Supposedly the 1950’s was the Golden Age of America to which we should all return. I grew up in the 1950’s and didn’t know I was living in a Golden Age, much like most folks don’t realize they are living through the fall of their empire as it crumbles around them.
This painting is for the next volume of the Magic Barn, which is sort of a picture book for grownups, with short, true stories and original paintings.
It depicts a scene from my wild childhood when my aunties saw me running around shirtless and with uncombed hair. They were scandalized and had a “good talk” with my mom, after which I had to wear shirts and braids. Ugh.
In the 1950’s people were obsessed with conformity. If a person was not just like everyone else they were maladjusted and various therapies would be applied. You were supposed to adjust to society as it was, look like you were supposed to look, do what you were supposed to do and not ask questions. 40-50,000 Americans who didn’t fit the mold were given lobotomies to make them better adjusted.
Ah, the sock hops, the corner drug store where you could sip a root beer float with the other well-adjusted kids. Of course, it would take years of struggle and some deaths before black people could sit at that drug store counter. As Martin Luther King said,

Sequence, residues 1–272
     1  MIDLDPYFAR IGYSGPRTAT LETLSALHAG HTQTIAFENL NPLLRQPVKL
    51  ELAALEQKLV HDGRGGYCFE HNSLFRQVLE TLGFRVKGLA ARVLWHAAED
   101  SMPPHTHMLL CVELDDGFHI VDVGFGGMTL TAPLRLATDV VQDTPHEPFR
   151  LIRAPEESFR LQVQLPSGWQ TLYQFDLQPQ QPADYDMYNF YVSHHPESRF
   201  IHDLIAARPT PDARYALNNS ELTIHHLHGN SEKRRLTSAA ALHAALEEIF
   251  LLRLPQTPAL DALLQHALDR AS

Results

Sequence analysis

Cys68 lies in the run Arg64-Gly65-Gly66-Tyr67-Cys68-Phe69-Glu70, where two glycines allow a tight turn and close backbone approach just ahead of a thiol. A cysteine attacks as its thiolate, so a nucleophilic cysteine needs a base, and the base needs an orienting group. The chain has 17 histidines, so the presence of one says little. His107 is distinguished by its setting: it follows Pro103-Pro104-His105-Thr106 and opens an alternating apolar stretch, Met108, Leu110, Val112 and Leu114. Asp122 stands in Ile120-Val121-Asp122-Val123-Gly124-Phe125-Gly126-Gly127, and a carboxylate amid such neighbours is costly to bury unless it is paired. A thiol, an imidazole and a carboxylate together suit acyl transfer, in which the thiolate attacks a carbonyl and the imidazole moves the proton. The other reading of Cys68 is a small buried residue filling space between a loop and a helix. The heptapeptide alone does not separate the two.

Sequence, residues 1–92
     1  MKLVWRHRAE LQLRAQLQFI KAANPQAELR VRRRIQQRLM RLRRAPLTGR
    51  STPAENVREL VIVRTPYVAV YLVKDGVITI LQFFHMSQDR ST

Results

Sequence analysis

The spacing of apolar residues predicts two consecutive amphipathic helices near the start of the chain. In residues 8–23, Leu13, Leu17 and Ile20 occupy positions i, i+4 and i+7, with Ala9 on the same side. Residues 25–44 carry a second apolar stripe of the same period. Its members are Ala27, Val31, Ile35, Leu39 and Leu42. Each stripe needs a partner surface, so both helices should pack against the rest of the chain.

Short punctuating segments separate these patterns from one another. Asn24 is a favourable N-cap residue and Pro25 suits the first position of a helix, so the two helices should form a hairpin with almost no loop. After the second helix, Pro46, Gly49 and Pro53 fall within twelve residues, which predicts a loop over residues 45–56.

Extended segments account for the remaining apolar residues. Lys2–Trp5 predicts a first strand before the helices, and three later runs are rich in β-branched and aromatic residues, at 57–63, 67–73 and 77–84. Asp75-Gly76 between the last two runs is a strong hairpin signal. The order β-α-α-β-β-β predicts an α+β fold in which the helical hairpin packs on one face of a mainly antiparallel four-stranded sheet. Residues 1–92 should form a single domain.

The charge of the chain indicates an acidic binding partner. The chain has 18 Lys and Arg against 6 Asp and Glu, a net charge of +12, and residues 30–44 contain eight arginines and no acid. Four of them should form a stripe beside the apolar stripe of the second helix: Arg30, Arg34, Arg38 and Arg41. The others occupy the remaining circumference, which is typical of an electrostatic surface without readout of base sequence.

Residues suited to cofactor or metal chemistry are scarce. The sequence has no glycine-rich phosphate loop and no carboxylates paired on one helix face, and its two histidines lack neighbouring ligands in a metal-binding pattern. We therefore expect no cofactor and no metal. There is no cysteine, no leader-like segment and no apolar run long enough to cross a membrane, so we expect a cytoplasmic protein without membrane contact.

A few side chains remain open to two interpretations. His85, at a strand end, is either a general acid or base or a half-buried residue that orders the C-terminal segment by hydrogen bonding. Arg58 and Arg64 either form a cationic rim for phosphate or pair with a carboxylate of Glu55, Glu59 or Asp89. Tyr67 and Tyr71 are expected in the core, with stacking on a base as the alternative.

“The saving of our world from pending doom will come, not through the complacent adjustment of the conforming majority, but through the creative maladjustment of the nonconforming minority.”
As I painted “Wild and Free” I thought of Malcomb, my first grade classmate, that red-haired Irish handful who was to grow up and die in Vietnam.
We stopped conforming in the 1960’s; nonconformity had become a matter of life and death. Finger-waggers and hand-wringers think America was destroyed in the 1960’s when the young people rebelled.
They want to go back to the 1950’s when we were so much more well-adjusted.